by Jacquilyn Lavalle
Sept. 10, 2014. The Rural Academy Theater kicks off their 2014 tour in Lenoir on Sept. 20, bringing their horse-drawn carriage to the High Country. The troupe will be traveling through western North Carolina with no shortage of performances.
A proud coalition of two and four-legged performers, the Rural Academy Theater has utilized horses and actors alike to perform their extraordinary spectacle for three years running.
“Not for Long,” a 15-minute piece, focuses on separating the human aspects of life from those of the land. Made up of several other pieces, the performance spans about one hour followed by a live band and a silent movie.
The traveling theater troupe got their start in a very simple way.
“We saw a need for something like this. We built the carriage from the ground up with mostly local materials and got some horses,” said co-creator Gabriel Harrell.
Many, if not all, of the members of the Rural Academy Theater possess multiple distinctive talents. Comprised of a triple threat singer-puppeteer-clown, a peach pit whittling horse handler and a cat named Kazoo, the troupe embodies all things eclectic. Quirky co-creators Gabriel and Noah Harrell double as members of the “Appalachian-Balkan-Brass-Blezmer-Dixieland-String ensemble.” Multiple fiddlers and singers, an accordionist, pianist, and clarinet player also join the brothers on stage.
When asked what life in a horse drawn carriage is like, Gabriel Harrell’s response was anything but surprising.
“It’s very slow,” said Harrell.
This is not a negative, but rather a positive source of joy for the theater players.
“Traveling at 2.5 miles per hour on mostly back roads, you get to interact with an meet the local people,” Harrell said.
The troupe has been connected with small town residents who have opened their homes, pantries and hearts to them.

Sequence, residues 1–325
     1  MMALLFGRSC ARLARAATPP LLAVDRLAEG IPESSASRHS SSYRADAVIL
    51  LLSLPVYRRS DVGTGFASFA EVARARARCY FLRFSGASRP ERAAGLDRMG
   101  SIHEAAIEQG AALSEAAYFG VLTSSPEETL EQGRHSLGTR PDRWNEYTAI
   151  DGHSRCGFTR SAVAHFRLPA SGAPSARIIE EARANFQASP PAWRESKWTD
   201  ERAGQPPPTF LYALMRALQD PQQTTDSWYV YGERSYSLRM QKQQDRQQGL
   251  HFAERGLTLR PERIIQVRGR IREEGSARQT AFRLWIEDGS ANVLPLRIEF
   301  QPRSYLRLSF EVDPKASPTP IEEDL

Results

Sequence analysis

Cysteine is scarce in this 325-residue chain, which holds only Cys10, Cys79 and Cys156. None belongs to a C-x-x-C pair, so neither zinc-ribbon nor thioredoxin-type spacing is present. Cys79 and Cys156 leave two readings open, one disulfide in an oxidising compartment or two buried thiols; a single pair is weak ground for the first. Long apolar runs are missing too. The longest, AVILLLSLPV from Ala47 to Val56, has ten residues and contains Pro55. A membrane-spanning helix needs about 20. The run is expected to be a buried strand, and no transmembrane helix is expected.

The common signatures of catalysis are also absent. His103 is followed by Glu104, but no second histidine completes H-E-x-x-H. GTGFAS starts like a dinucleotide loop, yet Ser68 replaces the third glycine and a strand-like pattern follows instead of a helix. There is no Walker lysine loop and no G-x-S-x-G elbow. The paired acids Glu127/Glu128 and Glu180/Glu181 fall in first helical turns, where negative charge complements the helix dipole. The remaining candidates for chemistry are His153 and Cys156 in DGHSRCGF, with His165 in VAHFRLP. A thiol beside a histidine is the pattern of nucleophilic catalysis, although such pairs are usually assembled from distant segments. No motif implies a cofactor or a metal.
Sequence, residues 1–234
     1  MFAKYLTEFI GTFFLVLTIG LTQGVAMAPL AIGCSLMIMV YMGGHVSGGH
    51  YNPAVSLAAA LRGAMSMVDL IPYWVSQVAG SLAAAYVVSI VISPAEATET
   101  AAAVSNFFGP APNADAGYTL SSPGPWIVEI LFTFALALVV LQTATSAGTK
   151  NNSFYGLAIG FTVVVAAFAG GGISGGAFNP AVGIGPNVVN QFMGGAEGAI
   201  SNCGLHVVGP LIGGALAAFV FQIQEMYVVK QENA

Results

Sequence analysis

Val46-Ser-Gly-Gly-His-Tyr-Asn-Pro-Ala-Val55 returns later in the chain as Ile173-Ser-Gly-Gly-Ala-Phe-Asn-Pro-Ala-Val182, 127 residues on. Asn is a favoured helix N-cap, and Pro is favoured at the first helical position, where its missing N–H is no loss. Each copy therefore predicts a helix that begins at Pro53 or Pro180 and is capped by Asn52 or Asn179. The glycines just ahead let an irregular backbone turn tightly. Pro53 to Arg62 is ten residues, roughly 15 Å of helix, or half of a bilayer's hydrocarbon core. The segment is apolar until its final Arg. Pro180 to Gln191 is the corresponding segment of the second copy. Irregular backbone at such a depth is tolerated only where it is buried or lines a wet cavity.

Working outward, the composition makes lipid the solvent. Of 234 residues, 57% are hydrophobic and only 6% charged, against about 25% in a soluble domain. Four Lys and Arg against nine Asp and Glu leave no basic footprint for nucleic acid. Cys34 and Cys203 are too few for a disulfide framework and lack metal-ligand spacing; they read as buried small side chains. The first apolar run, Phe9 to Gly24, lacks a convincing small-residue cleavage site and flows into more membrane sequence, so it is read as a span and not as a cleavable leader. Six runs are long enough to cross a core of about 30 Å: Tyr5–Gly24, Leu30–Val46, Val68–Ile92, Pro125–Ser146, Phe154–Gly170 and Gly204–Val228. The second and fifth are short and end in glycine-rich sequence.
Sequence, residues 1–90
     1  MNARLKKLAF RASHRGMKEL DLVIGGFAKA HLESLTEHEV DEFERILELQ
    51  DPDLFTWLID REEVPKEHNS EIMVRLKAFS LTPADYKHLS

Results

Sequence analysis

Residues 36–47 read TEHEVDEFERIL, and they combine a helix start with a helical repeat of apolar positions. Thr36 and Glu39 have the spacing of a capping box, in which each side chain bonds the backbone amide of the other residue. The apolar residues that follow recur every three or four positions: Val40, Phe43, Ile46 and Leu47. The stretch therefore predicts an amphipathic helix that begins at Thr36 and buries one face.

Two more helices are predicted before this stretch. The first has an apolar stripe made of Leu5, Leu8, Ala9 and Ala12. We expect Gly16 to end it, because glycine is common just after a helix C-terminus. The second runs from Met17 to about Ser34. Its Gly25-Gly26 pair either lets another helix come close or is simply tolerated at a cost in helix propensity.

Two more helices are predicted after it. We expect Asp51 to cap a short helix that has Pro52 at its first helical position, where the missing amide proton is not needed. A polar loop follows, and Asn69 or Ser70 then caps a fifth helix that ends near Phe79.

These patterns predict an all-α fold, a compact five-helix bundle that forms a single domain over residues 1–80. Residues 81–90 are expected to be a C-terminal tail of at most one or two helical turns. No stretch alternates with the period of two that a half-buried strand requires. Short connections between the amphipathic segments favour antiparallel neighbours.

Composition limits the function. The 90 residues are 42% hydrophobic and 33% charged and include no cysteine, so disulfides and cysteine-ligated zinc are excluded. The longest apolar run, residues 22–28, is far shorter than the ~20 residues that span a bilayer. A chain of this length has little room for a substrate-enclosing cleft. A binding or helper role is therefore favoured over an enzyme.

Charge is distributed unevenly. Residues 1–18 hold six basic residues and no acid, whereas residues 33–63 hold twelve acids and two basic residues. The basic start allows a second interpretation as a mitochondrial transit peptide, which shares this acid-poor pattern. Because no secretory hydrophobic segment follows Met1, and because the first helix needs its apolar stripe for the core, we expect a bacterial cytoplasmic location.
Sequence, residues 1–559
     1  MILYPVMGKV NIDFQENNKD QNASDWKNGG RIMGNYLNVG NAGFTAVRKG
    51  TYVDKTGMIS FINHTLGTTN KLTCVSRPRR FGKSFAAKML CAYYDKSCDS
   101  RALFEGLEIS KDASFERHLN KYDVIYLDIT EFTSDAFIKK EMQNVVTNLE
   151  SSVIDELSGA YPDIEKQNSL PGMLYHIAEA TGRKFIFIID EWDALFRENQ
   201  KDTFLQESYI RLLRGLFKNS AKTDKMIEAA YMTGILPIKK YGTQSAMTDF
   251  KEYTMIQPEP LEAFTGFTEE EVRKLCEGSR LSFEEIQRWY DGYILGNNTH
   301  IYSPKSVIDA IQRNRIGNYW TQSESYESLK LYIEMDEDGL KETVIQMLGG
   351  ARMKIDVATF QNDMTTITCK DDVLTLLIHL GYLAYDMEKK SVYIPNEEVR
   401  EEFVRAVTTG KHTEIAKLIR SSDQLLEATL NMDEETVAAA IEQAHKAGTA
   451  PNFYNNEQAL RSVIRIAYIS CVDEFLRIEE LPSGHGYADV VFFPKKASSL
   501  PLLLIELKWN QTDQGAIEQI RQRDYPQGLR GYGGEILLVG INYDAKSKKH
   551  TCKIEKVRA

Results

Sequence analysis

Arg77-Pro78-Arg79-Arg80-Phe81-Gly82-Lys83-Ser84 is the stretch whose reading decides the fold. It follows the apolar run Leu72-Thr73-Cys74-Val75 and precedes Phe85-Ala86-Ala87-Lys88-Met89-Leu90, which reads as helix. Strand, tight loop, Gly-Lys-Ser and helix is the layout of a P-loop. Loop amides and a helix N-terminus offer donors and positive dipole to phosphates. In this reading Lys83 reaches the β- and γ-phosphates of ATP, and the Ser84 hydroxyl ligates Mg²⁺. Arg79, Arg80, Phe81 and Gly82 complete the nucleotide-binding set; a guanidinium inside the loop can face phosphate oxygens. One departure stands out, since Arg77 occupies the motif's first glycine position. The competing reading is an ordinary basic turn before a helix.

“Reactions have been overwhelmingly positive with, of course, some bewilderment,” said Harrell.
It is very important for the troupe to incorporate the traditions of the region into each performance. Much of the inspiration for themes and storylines have come from the local people.
“You learn their stories and these stories become part of the show,” said Harrell. “You remind them that their land is valuable, not just something to mow.”
- The Fall 2014 Schedule is featured below:
- Sept. 20th- 8pm- Mulberry Recreation Center (720 Mulberry St., Lenoir)
- Sept. 23rd- 8pm- 87 Ruffin St. Gallery (87 Ruffin St., Linville)
- Sept. 25th- 8pm- Appalachain State University (Sanford Mall, Boone)
- Sept. 26th- Time TBA- Jones House (604 W King St., Boone)
- Sept. 28th- 8pm- Lees-McRae College (191 Main St. W, Banner Elk- Green Behind Cafeteria)
- Oct. 1st- 8pm- Penland School of Crafts (67 Doras Trail, Penland- Central Green)
- Oct. 3rd- 8pm- Arthur Morgan School (60 AMS Circle, Burnsville)
- Oct. 7th- 7:30pm- Marshall High Studios (115 Blannahasset Island, Marshall)
- Oct. 9th- 7:30pm- Franny’s Farm (38 Came Sharp Rd, Leicester)
- Oct. 14th- 7:30pm- Earthaven Ecovillage (Old Fort, Directs at http://www.earthaven.com/visiting/how-to-get-here/)
- Oct. 16th- 8pm- White Horse Black Mountain (105 Montreat Rd, Black Mountain)